Deborah Poynton


1 March - 9 April 2011

Michael Stevenson is pleased to announce an exhibition of recent paintings by Deborah Poynton.

The central element of the exhibition is an installation of paintings entitled Arcadia which comprises 11 large paintings that hang together in one room. The installation creates the sense of standing in a decayed concrete folly at twilight and looking out through the pillars into a liminal, overgrown landscape that surrounds the viewer on all sides. At one end of the room, in the half-light, a partly concealed car is parked with one door ajar, and at the other end, a decaying pond of dark water and reflection is like an unused door to dreams that are on the edge of memory. The scene recalls a secret garden full of threat and invitation, a wilderness that was once tamed into parkland and is now reverting to its natural state.

As Poynton writes:

Arcadia is a pastoral idyll, a place where humans lived in peace with nature, impossible to re-enter. It is perhaps because it is a landscape of innocence that the only two figures included in the 11 canvases are children. In this landscape the folly creates the illusion of a threshold, but it is just a framing device to convey the fundamental conundrum of the Garden of Eden. For man, to behold the world is to reduce or even destroy it, perhaps because it is otherwise too frightening, too empty of significance, and simultaneously too full of detail to comprehend. The phrase 'Et in Arcadia ego' resonates in this landscape because one is always aware that annihilation is present even in Arcadia. Everywhere it is as if something is on the tip of your tongue. You may sit for a long time and still not know what it is. In the meantime, there is consolation in beauty.

In addition to Arcadia, there will be 16 smaller works on show, in the form of boxed dioramas. Dioramas are a form of stilled life, which often allude to an Arcadian time, when humans were less disembodied by technology. Human attempts to represent reality are driven by a need to carve out a safe, more simple space within it. Poynton quotes Wallace Stevens, who said, 'reality is a cliché from which we escape by metaphor'. To grasp at life as it rushes by, maybe we have to pursue this paradox: we exist in metaphorical space. Poynton continues:

I have always loved doll's houses. In those safe little rooms I could imagine an ordered world. I could look through the windows, back into the real world, and be a stranger to it. As I grew older, the walls of the doll's house became the edges of the canvas. Paintings are the windows through which I regard life.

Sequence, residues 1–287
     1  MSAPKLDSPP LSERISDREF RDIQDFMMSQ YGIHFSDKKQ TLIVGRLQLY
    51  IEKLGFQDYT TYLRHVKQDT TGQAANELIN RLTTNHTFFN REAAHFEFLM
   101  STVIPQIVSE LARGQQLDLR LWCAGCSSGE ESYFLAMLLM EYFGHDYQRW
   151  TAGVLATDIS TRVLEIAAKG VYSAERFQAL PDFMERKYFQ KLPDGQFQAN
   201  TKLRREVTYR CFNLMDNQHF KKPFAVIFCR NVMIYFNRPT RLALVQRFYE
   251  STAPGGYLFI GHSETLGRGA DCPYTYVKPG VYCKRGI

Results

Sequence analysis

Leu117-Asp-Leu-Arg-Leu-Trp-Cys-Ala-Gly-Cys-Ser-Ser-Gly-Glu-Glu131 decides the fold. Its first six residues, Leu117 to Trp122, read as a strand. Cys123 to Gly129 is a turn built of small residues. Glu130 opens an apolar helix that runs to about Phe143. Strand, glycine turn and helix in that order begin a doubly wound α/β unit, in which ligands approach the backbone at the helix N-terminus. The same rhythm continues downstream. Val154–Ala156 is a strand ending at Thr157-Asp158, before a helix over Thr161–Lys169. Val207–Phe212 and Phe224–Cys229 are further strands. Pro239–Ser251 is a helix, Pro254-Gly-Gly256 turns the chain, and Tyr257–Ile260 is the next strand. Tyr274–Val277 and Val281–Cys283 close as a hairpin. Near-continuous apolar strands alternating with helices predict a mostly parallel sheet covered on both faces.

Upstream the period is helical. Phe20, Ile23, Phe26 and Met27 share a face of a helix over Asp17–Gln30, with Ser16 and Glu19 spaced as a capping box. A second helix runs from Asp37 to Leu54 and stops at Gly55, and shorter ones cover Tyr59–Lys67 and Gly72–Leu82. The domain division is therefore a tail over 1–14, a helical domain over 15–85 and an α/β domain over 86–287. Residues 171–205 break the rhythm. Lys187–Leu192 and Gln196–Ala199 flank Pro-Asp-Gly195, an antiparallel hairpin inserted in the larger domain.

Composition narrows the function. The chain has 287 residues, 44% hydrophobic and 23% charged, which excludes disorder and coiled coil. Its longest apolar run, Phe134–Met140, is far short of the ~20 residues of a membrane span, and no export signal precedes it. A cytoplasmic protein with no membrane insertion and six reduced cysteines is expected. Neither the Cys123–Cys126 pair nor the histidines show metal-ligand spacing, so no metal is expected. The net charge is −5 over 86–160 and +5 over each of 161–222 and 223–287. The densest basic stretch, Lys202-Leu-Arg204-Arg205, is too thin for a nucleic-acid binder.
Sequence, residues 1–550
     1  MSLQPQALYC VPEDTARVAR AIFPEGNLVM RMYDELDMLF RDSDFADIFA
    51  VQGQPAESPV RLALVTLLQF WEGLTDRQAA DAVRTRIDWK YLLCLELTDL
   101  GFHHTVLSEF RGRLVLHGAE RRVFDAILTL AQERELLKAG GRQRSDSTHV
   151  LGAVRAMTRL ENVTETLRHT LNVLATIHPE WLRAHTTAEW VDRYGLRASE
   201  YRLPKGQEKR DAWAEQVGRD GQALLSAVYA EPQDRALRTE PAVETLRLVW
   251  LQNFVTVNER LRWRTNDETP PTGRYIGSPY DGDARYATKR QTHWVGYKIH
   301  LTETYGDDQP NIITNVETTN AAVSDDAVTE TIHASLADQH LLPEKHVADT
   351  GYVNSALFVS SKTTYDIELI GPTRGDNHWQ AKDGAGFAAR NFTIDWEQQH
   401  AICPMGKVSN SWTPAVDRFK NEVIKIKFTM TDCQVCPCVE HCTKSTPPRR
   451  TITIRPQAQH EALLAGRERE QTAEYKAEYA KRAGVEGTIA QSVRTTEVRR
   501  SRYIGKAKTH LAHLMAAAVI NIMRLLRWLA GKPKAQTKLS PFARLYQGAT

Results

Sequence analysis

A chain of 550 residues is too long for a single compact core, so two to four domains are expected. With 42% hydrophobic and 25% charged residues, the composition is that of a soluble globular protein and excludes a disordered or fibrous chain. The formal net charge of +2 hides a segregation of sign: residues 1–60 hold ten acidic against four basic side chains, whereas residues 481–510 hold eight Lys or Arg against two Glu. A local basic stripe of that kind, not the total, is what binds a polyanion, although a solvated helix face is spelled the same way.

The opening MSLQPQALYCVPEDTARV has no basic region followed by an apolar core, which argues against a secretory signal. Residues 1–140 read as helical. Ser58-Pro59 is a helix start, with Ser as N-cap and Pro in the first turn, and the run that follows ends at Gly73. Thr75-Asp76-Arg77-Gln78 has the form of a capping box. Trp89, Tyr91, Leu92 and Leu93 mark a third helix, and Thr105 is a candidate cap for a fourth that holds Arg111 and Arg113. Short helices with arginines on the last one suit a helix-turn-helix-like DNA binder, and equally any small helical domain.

In this series of paintings, the insertion of an overarching box acts like the red rope stretched across the front of the diorama. It transforms landscapes into distilled miniatures. As in the addictive realm of the basement train-set or doll's house, time does not exist, there is no place for the body except in the imagination, and there is no connection to the outside world. It's shocking to realise that the world is only visible to us through these filters. But there is relief in it too. Inside the box, you can enjoy the idea that any representation is a formal pretence, a powerful illusion, a fantasy.

Poynton was born in 1970 in Durban and her youth was spent between South Africa, Britain, Swaziland and the United States. She studied at the Rhode Island School of Design in Providence, USA, from 1987 to 1989; since then she has lived and worked in Cape Town. Her most recent solo exhibition took place at the KZNSA Gallery in Durban in 2010; in 2009 her work was the subject of a solo exhibition, with an accompanying monograph, at the Savannah College of Art and Design's galleries in Savannah and Atlanta, Georgia, USA. She has held solo exhibitions at Michael Stevenson in 2009, 2006, 2004 and 2003.

Poynton exhibits concurrently with Billy Monk and Rineke Dijkstra.

The exhibition opens on Tuesday 1 March, from 6 to 8pm. The gallery is open from Monday to Friday, 9am to 5pm, and Saturday from 10am to 1pm.

Click here to read the transcript of a talk by Deborah Poynton at Michael Stevenson, Cape Town, on 4 March 2011.